Obviously, the sign-and-trade looks as though it would be the better deal for both teams, but it’s impossible to know how all of this will pan out. What we do know is that Chicago absolutely did not create cap space by pulling off the McDermott trade. Rather, they have $1 million fewer to offer Melo as a result, at least for now.
Philadelphia’s Still All-In For the Future
You got the sense that the Philadelphia 76ers were building toward something. With four lottery picks in the last two seasons, it would appear to be easy to turn things around in a relatively expedient way, but GM Sam Hinkie is building his team in a rather unconventional way.
Of those four picks, only one of them—Michael Carter-Williams—will have played his first full season in the league. Nerlens Noel, the No. 6 pick in the 2013 draft, sat out all last season rehabbing his knee after a torn ACL, the No. 3 pick in this year’s draft, Joel Embiid, has a couple of now-infamous pins in his foot and is likely out at least five months and the No. 10 pick this year, Dario Saric, has a new contract with a Turkish club that will keep him from the NBA for at least two years.
In other words, despite having two top-10 picks in this year’s draft, Philadelphia looks primed to come into next season with more-or-less the same awful lineup that tied a record for consecutive losses and finished with the second-worst record in the NBA.
It’s not all bad, though, as Philadelphia put together some impressive work drafting in the second round, which couldn’t have been too hard considering they owned one-sixth of the picks there. Still, they used them well, drafting highly-touted Serbian point guard Vasilije Micic, trading the rights to Russ Smith for Pierre Jackson and drafting a couple of players that probably should have been first-rounders: K.J. McDaniels and Jerami Grant.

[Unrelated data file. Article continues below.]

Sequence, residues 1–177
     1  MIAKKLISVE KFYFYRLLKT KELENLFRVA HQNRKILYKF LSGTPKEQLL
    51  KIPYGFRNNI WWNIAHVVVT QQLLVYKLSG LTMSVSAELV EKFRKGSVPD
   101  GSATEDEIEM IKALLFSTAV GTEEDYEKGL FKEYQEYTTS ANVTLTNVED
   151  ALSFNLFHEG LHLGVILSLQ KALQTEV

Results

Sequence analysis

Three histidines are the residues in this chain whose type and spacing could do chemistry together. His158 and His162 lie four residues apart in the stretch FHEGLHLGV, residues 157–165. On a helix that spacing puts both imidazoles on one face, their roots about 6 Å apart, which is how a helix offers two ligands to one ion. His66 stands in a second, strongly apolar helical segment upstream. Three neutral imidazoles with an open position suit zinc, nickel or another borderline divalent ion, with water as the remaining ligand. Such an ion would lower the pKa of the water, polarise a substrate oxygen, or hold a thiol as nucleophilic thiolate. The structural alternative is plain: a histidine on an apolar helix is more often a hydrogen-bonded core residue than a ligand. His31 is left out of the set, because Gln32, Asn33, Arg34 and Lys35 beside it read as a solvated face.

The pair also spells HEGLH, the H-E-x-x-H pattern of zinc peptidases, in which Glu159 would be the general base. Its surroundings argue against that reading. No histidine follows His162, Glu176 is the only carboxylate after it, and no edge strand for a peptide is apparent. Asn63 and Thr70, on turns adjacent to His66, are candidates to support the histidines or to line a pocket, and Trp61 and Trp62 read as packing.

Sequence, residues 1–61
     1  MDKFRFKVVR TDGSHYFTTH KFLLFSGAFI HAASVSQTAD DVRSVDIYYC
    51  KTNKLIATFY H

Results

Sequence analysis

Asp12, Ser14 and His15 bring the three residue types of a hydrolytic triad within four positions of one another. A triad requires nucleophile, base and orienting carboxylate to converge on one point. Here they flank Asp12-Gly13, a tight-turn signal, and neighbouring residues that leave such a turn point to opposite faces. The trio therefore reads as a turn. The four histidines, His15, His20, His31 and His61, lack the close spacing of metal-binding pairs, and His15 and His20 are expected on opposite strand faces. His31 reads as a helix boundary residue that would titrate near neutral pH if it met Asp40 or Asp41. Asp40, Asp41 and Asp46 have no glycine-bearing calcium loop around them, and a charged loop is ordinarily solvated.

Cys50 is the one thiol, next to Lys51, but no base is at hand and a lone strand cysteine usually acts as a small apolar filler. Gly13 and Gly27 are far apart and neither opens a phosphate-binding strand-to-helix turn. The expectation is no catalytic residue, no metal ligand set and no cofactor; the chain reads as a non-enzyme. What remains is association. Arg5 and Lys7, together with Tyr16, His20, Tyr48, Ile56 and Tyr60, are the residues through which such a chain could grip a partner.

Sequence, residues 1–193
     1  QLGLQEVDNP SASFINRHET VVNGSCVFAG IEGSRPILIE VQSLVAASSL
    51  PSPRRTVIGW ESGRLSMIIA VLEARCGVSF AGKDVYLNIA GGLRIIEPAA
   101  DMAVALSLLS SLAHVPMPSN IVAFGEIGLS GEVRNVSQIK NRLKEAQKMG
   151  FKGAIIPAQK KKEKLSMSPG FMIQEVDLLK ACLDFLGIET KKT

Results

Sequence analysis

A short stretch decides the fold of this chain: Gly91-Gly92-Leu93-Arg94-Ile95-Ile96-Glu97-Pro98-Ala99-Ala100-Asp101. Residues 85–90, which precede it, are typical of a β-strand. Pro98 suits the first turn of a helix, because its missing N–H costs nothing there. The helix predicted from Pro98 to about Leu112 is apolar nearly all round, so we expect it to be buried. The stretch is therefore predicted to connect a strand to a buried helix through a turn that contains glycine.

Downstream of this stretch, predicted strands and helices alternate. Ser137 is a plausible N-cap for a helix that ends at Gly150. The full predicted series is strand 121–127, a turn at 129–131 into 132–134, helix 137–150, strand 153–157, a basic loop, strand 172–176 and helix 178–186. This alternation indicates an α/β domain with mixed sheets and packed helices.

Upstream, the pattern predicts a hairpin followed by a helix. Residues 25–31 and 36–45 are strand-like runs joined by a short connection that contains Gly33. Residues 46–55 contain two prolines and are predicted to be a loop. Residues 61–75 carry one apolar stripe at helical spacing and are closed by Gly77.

Those are nice building blocks and should help make the team better than they were a year ago, but not dramatically so. Noel’s presence will be appreciated, but there’s a good chance Embiid doesn’t play this year. We know Saric definitely won’t.
So what’s the play here? Why submit Sixers fans to another year of brutally awful basketball? Because Hinkie and the rest of the Philadelphia front office is swinging for the fences. To be a great team and have a shot at a championship, the roster has to be flush with star talent. Rookie of the Year Carter-Williams is a nice start, but Embiid is a transcendent talent when he’s healthy. Without major injury setbacks, many believe he’ll be the best player from the best draft class in a decade.
Saric, meanwhile, has plenty of potential for NBA stardom himself. In any other year (and with the guarantee that he’d actually play for team that drafted him) he’s probably a top-five pick. With those two guys and Noel, who also would’ve been the top overall pick a year ago without his own injury concerns, there’s plenty of long-term potential here to see the Sixers grow into an Eastern Conference powerhouse.
But Hinkie is gambling that everybody pans out. In that crowd he’s got a bad knee, a bad foot, a bad back and a European address. That’s not winning championships immediately, but the Sixers keep drafting these boom-or-bust players because they think Embiid, Saric and Noel are the type of players who will eventually get them there.
We’re a long ways away from seeing whether or not this all pans out, but if Philly is back in the lottery again next year and adds someone like Jahlil Okafor or Cliff Alexander or Emmanuel Mudiay, the picture for this franchise could be incredibly rosy by 2016-17. That’s a long time away, but when this team finally all comes together and matures, it’s hard to come up with a young core featuring more elite (potential) star power.